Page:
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English-Learners' Dictionary Delivers in Explaining Idioms

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Merriam-Webster's Advanced Learner's English Dictionary had been released. It delivers on a promise contained in its promotional materials that it would describe a great deal of English idioms.


It lists and explains, for example, 23 English idioms that use the word "hell," none of which, by the way, would have been considered acceptable in the English-speaking household I grew up in, where we generally didn't use emphatic language at all. But if you are learning English and want to understand other folks, you have to know what these words, mean, right?

Here are a few excerpts from the "hell" list.

come hell or high water--informal--used to say that something will definitely happen or be done even though other events or situations might make it difficult. I will be there on time, come hell or high water.

go to hell in a handbasket--see handbasket

when hell freezes over--informal + impolite--used to say that you think that something will never happen. I'll apologize when hell freezes over. [=I'll never apologize]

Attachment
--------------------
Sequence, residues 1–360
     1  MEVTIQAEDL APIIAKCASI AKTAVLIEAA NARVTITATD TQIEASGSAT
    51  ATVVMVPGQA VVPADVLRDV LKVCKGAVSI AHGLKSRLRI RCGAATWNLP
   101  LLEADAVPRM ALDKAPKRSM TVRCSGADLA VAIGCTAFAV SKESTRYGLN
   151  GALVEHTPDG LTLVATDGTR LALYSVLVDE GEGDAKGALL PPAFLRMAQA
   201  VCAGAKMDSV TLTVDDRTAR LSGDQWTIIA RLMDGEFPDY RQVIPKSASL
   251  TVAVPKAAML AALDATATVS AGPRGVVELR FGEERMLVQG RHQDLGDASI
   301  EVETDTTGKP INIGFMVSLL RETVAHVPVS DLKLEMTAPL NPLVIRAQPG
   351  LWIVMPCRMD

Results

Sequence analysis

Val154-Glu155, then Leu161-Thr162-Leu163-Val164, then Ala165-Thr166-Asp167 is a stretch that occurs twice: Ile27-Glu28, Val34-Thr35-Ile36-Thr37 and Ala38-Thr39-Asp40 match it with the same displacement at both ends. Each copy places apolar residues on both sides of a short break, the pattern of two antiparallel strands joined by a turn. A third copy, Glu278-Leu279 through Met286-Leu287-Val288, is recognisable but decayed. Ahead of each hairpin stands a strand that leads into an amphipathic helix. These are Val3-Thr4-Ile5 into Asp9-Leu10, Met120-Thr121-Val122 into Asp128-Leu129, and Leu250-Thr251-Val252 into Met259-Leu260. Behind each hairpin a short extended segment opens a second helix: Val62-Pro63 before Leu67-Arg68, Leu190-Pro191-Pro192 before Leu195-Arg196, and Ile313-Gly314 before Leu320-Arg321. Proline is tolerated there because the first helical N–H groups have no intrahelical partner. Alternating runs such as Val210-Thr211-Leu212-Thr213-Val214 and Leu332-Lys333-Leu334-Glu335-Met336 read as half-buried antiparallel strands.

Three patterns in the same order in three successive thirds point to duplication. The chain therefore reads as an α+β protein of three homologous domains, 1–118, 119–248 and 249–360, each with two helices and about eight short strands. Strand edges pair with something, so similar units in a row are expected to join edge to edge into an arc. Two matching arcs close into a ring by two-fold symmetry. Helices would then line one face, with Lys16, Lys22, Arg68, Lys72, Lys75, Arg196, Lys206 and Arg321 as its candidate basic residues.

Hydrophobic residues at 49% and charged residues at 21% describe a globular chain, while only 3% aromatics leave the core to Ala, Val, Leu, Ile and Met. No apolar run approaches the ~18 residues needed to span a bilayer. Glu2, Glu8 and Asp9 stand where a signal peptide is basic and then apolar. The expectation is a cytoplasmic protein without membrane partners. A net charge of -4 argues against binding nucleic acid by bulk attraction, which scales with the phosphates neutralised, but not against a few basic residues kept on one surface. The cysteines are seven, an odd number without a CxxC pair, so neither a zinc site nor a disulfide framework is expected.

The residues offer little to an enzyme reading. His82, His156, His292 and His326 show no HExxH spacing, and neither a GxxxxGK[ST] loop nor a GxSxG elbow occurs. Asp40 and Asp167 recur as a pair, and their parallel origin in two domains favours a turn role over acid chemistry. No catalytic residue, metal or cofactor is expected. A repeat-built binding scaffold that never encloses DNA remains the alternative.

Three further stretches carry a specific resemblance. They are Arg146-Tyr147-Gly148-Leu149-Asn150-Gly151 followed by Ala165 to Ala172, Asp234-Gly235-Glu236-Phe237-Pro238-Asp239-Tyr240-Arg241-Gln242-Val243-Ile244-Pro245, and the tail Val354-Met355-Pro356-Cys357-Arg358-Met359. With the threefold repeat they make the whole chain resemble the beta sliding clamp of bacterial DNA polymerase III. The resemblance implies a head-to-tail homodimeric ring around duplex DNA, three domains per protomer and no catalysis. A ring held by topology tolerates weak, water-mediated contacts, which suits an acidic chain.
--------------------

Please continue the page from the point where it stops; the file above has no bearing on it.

OK, I acknowledge I fished for something a bit sensational to get you to read a blog entry about a dictionary.

The 1,994-page volume contains plenty of other idioms used in non-emphatic conversation. It has an accompanying Web site with a blog, pronunciation exercises, and other tools that might be useful for teaching ELLs.

1 Comment

It may be very useful to look idioms once in awhile, but I think people really learn idioms from interacting with other people in the language and extensive reading. Dictionaries are definitely useful but I think overused. When we look back on learning a language or learning to read and write in our own language, we don't reminisce about how much we learned from the dictionary. Even calendars such a word a day seems like a good tool until you realize that you are not retaining the vocabulary. The dictionary companies creating dictionaries for English Language Learners are doing a great service, especially when they have definitions in full sentences, but I think they are overemphasized and misused.

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